Bayer crop science unit speeds IT revolution, sees ChemChina as longer-term player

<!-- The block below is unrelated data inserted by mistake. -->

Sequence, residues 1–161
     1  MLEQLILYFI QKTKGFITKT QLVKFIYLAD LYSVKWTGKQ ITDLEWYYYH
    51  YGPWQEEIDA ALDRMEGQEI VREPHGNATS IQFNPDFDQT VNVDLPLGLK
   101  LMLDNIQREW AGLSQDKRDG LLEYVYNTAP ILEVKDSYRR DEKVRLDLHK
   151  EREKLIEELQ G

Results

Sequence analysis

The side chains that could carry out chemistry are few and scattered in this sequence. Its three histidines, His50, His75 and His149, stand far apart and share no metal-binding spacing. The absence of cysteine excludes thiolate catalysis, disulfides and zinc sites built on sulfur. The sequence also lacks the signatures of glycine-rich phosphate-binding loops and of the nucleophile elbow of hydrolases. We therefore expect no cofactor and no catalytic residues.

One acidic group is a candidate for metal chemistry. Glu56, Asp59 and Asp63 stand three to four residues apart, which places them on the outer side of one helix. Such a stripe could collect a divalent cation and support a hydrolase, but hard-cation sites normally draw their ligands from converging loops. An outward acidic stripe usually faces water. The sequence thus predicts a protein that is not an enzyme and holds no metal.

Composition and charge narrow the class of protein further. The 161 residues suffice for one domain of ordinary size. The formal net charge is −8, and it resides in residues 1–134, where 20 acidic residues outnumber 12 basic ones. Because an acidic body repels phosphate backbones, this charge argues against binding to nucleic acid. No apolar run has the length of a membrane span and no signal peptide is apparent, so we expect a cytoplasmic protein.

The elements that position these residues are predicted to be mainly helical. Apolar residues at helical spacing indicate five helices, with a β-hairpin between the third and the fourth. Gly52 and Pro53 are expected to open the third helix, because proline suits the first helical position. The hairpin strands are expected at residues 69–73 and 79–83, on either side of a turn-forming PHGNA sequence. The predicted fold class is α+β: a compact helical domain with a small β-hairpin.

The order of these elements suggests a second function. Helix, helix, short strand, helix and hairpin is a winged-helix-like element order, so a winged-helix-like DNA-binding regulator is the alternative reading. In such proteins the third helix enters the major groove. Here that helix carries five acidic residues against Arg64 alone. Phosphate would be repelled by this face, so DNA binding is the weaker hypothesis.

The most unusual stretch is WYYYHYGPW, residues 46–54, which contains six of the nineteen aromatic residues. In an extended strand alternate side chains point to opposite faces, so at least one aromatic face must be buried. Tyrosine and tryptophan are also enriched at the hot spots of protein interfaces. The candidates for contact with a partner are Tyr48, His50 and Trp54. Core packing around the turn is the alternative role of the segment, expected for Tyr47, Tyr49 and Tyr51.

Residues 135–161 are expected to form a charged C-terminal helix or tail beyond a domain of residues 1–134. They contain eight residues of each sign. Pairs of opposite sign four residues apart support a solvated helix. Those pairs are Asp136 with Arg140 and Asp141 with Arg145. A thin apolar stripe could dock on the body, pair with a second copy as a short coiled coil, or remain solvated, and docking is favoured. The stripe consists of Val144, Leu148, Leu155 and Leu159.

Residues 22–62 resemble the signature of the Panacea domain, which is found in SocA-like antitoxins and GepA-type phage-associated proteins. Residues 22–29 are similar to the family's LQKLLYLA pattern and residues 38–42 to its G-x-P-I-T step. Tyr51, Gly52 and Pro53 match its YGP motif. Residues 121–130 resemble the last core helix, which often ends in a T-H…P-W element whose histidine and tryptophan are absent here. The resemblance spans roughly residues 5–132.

FRANKFURT, Germany — Bayer’s planned $66 billion takeover of U.S. seed giant Monsanto marks the latest wave in a sea change at the German company’s agricultural subsidiary under CEO Liam Condon. Bayer CropScience, the world’s second-largest agrochemical company, is developing a new business model based on harnessing information technology to deliver solutions to customers. Condon, who took the reins at Bayer CropScience four years ago, plans to invest 200 million euros ($224 million) in digital farming by 2020. He recently sat down with The Nikkei to discuss the company’s strategy, as well as ChemChina’s agreement to acquire Bayer rival Syngenta. Q: Recently, Bayer has focused on digital farming. How has digitization affected your business so far, and how will it affect it in the future? A: I guess on the one side we…


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